The Fallacy of Time Diversification:

Paul Samuelson and others have argued that the notion of time diversification is fallacious. Even though the uncertainty about the average rate of return diminishes over a long time period, it also compounds over a longer time period. Unfortunately the latter effect dominates. Hence the total return becomes more uncertain as the investment horizon lengthens.

An example will illustrate this point. Suppose the expected one year return on a stock is 15 percent with a standard deviation of 30 percent. If you hold the stock for 5 years, the expected annual return over 5 years remains at 15 percent, but the standard deviation of the average return over 5 years declines from 30 percent to 13.42 percent (30/√5)3. Even though the standard deviation of the 5 year return is now significantly lower at 0.1342 (or 13.42 percent) a disappointment of one standard deviation will affect the terminal wealth by a factor of (1—0.1342)5 = 0.487. This certainly has a larger impact than a swing of 30 percent in one year. While the confidence band around the expected rate of return narrows with investments life; the dollar confidence band widens.

The above result has an important implication: although an investor is less likely to lose money over a longer horizon, as compared to a shorter horizon, the magnitude of his potential loss clearly increases with the length of his investment horizon. Hence the critics of time diversification argue that if you prefer a risk less investment over a shorter investment horizon, you should prefer a risk less investment for over a longer investment horizon as well. Put differently, your risk exposure should not depend on your investment horizon.

Resurrection of Time Diversification:

Although the above critique of time diversification is mathematically correct, all is not lost for those who believe in the principle of time diversification. There remain some valid reasons why you should still condition your risk posture on your investment horizon. Two of them deserve a particular mention.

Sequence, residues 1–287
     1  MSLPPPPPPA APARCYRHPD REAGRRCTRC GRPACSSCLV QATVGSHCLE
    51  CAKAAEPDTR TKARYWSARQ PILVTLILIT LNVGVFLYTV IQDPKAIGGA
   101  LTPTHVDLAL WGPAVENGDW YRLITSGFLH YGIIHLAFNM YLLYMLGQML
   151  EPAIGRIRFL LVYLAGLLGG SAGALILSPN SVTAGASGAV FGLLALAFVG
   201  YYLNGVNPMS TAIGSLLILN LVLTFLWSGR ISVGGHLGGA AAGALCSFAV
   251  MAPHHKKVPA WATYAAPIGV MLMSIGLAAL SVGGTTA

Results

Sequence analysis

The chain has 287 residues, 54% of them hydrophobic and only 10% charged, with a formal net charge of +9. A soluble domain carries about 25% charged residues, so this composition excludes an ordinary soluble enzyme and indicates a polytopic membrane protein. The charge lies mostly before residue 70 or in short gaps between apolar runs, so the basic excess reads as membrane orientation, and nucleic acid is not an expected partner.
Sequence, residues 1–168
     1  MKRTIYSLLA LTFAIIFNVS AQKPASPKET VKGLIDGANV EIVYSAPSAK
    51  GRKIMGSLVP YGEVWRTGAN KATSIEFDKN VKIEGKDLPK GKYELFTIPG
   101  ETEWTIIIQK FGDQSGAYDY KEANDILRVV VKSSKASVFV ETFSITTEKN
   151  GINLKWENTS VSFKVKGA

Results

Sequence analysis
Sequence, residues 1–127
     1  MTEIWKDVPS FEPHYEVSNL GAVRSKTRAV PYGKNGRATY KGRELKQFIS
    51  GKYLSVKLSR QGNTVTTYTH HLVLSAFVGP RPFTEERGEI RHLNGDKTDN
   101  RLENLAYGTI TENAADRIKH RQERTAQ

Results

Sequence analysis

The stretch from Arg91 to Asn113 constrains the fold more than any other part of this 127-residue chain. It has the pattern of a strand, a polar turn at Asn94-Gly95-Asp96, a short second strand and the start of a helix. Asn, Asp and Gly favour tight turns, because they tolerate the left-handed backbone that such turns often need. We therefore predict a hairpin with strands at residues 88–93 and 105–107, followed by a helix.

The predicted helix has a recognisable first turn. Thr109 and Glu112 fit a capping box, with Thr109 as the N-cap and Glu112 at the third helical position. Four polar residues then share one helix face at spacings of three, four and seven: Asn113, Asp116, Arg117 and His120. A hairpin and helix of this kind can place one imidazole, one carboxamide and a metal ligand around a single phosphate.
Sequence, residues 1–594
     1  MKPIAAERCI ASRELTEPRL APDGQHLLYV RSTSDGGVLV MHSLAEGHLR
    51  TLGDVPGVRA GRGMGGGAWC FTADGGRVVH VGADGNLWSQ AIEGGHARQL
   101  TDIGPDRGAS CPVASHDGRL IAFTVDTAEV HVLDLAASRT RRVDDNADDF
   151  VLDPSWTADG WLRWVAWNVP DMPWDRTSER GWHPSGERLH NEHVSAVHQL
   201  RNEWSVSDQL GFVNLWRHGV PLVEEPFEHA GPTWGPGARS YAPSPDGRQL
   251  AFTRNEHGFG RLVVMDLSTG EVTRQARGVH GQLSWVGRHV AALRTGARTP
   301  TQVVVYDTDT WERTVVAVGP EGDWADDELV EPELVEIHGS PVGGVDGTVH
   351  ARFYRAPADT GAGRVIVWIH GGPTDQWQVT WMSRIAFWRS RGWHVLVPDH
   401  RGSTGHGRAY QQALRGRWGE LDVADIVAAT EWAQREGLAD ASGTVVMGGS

1. There is some evidence that stock returns are not serially independent but tend to mean revert over long intervals. This means that it is more likely that a below average return may be followed by an above average return than another below average return. Given this tendency of stock returns to mean revert, the dispersion of terminal wealth increases at a slower return than what is implied by serially independent returns. (Remember that the critics of time diversification assume a perfectly efficient market in which stock returns are serially independent).

2. You may be inclined to accept more risk over a longer horizon as you have greater scope to adjust your consumption and work habits. If a risky investment performs poorly at the beginning of a short horizon, there is little you can do to compensate for loss of wealth. Over a long horizon, however, you can postpone consumption and work harder to achieve your financial goals.

Benjamin Graham on Asset Allocation:

Benjamin Graham, the most revered investment guru, suggested that the investor should never have less than 25 percent or more than 75 percent of his funds in common stocks, with a consequent inverse range of between 75 percent and 25 percent in bonds. According to him the standard distribution should be 50:50 between the two major investment mediums. As he put it, we are convinced that our 50:50 version of this approach makes good sense for the defensive investor. It is extremely simple; it aims unquestionably in the right direction; it gives the follower the feeling that he is at least making some moves in response to market developments; more important of all, it will restrain him from being drawn more and more heavily into common stocks as the market rises to more and more dizzy heights.

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